Cavern Elf. You have darkvision.
Deny Advantage. You aren’t flat-footed to hidden, undetected, or flanking creatures of your level or lower, or creatures of your level or lower using surprise attack. However, they can still help their allies flank.
(Lie to Me. This ability does nothing since Jack♢'s Perception is higher than his Deception.)
Nimble Dodge. ↺ Trigger: A creature targets you with an attack and you can see the attacker. | You deftly dodge out of the way, gaining a +2 circumstance bonus to AC against the triggering attack.
Pickpocket. You can Steal or Palm an Object that’s closely guarded, such as in a pocket, without taking the –5 penalty. You can’t steal objects that would be extremely noticeable or time consuming to remove (like worn shoes or armor or actively wielded objects). If you’re a master in Thievery, you can attempt to Steal from a creature in combat or otherwise on guard. When doing so, Stealing requires 2 manipulate actions instead of 1, and you take a –5 penalty.
Quick Draw. You draw your weapon and attack with the same motion. You Interact to draw a weapon, then Strike with that weapon.
Quiet Allies. When you are Avoiding Notice and your allies Follow the Expert, you and those allies can roll a single Stealth check, using the lowest modifier, instead of rolling separately. This doesn’t apply for initiative rolls.
Racket (thief). When you attack with a finesse melee weapon, you can add your Dexterity modifier to damage rolls instead of your Strength modifier.
Sneak Attack. If you Strike a creature that has the flat-footed condition with an agile or finesse melee weapon or unarmed strike, with a ranged attack, or with a thrown weapon that has the agile or finesse trait, you deal an extra 1d6 precision damage.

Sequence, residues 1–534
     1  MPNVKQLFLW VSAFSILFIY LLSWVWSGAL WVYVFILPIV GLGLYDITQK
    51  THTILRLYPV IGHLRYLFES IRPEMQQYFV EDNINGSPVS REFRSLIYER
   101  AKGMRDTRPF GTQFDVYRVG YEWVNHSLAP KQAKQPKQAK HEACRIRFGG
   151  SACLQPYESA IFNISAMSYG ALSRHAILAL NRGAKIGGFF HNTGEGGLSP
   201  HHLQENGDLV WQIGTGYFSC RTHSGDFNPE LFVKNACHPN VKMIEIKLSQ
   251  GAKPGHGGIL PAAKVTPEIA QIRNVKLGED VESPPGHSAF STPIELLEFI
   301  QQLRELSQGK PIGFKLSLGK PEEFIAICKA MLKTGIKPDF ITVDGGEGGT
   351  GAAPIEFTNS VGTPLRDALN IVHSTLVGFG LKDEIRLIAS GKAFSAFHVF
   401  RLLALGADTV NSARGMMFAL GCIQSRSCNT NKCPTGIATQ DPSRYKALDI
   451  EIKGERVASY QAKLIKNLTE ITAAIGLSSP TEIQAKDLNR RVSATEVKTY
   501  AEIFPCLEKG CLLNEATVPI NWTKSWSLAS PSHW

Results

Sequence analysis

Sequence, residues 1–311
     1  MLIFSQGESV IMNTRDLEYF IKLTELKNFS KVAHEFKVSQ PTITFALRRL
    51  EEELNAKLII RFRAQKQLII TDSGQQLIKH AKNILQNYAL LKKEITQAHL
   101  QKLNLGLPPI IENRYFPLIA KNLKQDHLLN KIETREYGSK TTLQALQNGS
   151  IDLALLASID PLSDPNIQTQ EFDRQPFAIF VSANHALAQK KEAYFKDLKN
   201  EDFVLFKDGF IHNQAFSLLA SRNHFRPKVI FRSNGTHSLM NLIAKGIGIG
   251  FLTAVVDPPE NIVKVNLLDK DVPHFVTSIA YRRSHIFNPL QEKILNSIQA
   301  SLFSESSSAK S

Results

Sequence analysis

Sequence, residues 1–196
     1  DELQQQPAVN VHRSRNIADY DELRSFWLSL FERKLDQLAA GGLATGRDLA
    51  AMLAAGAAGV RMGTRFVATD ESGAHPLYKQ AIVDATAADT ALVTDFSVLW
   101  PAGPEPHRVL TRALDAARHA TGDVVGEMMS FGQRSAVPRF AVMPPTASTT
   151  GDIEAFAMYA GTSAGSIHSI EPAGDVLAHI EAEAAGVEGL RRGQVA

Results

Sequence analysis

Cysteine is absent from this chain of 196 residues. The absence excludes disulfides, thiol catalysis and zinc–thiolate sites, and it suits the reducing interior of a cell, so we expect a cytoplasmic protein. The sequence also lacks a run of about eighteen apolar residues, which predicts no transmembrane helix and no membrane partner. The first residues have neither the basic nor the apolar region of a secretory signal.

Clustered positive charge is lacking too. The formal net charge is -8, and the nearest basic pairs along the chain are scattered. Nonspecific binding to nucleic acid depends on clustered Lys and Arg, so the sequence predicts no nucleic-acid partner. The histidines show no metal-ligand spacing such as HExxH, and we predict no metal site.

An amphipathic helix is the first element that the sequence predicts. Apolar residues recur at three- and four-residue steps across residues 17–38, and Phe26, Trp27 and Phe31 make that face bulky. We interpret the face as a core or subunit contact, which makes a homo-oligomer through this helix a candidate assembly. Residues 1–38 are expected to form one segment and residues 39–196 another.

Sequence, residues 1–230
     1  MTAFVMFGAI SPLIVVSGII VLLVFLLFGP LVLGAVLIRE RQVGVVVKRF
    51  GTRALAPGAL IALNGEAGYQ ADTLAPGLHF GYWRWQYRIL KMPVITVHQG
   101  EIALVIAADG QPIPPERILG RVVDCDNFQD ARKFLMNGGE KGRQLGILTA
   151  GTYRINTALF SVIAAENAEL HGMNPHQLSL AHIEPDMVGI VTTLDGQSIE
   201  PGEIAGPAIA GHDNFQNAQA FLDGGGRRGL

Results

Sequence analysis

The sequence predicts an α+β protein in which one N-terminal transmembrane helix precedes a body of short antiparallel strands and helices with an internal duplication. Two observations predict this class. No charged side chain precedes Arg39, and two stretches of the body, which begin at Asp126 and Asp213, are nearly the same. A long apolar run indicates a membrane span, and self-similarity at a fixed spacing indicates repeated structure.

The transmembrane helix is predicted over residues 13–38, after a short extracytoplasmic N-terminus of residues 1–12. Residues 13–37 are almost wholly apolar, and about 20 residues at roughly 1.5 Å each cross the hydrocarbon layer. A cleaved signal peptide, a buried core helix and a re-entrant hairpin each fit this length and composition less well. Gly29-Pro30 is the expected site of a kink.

Subtle Theft. When you successfully Steal something, observers (creatures other than the creature you stole from) take a –2 circumstance penalty to their Perception DCs to detect your theft. Additionally, if you first Create a Diversion using Deception, taking a single Palm an Object or Steal action doesn’t end your undetected condition.
Surprise Attack. When you roll Deception or Stealth for initiative, creatures that haven’t acted yet are flat-footed to you.
Bio and Backstory:
Most elves play the long game, but some seek the thrill of the gamble, like the Pathfinder novice known by the alias 'Jack of Diamonds'. This enigmatic pale-skinned elven man is a habitual gambler, and is seldom seen without a deck of playing cards being shuffled in his deft hands. Like many gamblers, Jack♢ wears dark sunglasses, even indoors, to conceal his eye movements. His hair — when not slathered in hair gel and combed back to give himself a slick look — is often wild and rebellious. His typical outfit is equally loud: colorful leather jackets and vests, always following the latest fashion a few years behind.
Though he is a gambler through and through and enjoys a wide variety of games of chance, card games in particular are his specialty and greatest delight in life. His current alias is supposedly named after his favorite playing card. This all-encompassing love for games has colored Jack♢'s speech full of game-related expressions and jargon.
In his own words, Jack♢ is an "acquisitions expert" for the Pathfinder Society, and specializes in covert missions. To put it more bluntly, he's a master pickpocket and burglar, owing to the fact he ceaselessly seeks to amass new tricks of legerdemain and thievery. His numerous skills earn him a good amount of self-confidence, which sometimes turns into outright foolhardiness when combined with his gambling instincts, making Jack♢ something of a daredevil.
Many have correctly deduced that Jack♢ originates from the Shackles: he has much love for seafaring and rowdy port towns, and he uses Shackles lingo in his speech (mixed with all the gambler jargon, of course). According to Jack♢, prior to joining the Society, he travelled from city to city, seeking new tricks to add to his already-impressive repertoire, always leaving before his cheats could become widely-known.